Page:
Transracial Parenting »

Rachel Dangermond

Tin12-24-09-40-small

December 2009

About – Rachel Dangermond – http://www.dangermond.org

I have written a blog since 2004 to capture my own experience as it reveals a woman’s self actualization. The topic is broad and through my writing there I have explored aging, relationships, families, dying parents, race, place, along with all other topics that roll into one woman’s lifetime.

Then my life changed on December 7, 2009, when I met my son in Gary, Indiana. It was seven days after my mother had passed, and months after I had turned 50 that I received the phone call about a nine-month old boy who needed to be adopted. Then there we were in 14 degrees, him and me, locked in a stare that has never faltered. I’ve had many epiphanies in my life, but none so profound as looking into my son’s eyes for the first time. I knew why heaven and hell had brought me to that moment. I knew with a certainty I have not known with anything else in my life.

And this is where the story starts, with Tin. Or perhaps right before Tin, as I set out on the road to adoption and it became very clear that for an older mother, I would have more luck adopting a child of color. There was never a question that I wanted a child, of any color, but what became very apparent is parenting would have to go further and encompass a lot more than what I had envisioned. The act (or art) of raising Tin has grown steadily more complex, richer, more colorful, more nuanced than anything I have ever imagined and has opened up my world considerably.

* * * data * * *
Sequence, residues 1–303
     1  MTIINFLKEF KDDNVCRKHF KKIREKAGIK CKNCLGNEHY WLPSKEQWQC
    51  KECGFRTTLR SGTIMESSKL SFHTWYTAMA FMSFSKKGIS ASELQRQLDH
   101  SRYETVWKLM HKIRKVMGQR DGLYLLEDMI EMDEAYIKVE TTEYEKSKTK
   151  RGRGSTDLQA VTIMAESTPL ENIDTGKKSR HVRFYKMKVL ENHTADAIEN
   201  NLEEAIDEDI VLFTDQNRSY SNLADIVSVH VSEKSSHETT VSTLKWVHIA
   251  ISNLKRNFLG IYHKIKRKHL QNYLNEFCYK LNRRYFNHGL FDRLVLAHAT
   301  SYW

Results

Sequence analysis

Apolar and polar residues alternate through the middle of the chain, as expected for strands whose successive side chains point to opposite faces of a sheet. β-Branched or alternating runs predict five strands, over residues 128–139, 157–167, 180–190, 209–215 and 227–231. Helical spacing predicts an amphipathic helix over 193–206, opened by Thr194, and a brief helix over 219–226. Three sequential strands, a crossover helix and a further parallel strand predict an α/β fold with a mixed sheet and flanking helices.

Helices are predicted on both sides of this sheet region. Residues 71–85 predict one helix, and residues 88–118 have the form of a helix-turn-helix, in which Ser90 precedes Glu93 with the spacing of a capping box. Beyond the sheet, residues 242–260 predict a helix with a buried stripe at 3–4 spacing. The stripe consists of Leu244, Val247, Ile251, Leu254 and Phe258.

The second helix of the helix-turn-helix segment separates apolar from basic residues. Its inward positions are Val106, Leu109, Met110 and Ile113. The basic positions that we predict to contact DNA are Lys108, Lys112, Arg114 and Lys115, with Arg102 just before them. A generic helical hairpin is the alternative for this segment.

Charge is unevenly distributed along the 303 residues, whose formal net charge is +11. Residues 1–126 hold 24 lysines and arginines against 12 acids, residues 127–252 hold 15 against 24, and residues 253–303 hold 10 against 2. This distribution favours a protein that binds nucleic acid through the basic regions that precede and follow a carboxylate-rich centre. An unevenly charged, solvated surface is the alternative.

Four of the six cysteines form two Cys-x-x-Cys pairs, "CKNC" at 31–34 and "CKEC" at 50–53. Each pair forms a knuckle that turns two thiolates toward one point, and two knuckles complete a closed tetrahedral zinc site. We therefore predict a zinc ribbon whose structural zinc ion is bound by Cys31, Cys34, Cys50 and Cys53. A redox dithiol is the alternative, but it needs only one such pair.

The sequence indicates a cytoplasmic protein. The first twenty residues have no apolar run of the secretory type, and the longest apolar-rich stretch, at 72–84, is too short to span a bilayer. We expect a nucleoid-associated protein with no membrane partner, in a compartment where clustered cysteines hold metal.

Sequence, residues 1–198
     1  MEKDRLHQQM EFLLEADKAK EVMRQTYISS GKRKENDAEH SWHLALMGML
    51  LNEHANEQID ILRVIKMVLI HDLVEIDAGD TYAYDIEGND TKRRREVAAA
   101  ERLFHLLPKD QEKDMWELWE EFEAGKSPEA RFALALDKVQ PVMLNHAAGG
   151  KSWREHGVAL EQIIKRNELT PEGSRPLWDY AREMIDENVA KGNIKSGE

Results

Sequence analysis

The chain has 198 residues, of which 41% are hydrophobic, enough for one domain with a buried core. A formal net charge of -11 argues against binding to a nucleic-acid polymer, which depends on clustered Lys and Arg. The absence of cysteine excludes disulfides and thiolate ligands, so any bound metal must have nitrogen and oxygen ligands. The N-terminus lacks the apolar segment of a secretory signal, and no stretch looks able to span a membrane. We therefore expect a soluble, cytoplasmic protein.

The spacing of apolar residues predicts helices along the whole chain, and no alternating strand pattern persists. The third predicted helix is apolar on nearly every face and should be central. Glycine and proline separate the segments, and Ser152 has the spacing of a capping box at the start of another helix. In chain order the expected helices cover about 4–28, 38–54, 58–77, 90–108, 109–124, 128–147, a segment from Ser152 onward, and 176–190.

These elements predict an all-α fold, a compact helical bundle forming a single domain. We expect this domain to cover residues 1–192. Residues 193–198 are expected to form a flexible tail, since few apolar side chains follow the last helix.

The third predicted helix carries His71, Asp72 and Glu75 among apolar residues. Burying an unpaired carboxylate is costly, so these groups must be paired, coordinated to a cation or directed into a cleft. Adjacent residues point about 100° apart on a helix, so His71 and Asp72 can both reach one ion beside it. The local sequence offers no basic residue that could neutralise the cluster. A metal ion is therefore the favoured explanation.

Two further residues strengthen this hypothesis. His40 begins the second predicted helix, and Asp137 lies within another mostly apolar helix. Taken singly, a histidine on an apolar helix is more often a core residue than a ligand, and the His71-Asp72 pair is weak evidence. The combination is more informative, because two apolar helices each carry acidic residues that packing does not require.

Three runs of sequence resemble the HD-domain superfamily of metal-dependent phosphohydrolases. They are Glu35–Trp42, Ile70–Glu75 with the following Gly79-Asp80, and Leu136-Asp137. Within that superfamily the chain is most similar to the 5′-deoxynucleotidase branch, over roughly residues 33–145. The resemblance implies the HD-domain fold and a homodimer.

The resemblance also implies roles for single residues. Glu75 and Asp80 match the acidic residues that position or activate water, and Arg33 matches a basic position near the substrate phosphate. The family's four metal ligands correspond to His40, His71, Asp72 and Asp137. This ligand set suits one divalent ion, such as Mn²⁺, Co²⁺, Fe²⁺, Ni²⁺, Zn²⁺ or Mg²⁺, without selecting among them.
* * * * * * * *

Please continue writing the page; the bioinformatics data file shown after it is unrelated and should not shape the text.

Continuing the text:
While I have been a writer all my life, as an investigative journalist for Wall Street, as a project developer for conservation, as a marketer for design firms, this blog is more than my writing, it’s the beginning of a collaboration with readers, friends, family and other writers to push the envelopes of racism and make the world a better place for my son and future generations.

+ - 1 comment

July 24, 2013 - 11:04 pm

Torrie - I never tire of this story! Always reminds me that patience is a much rewarded virtue…as always my best to you and Tin!

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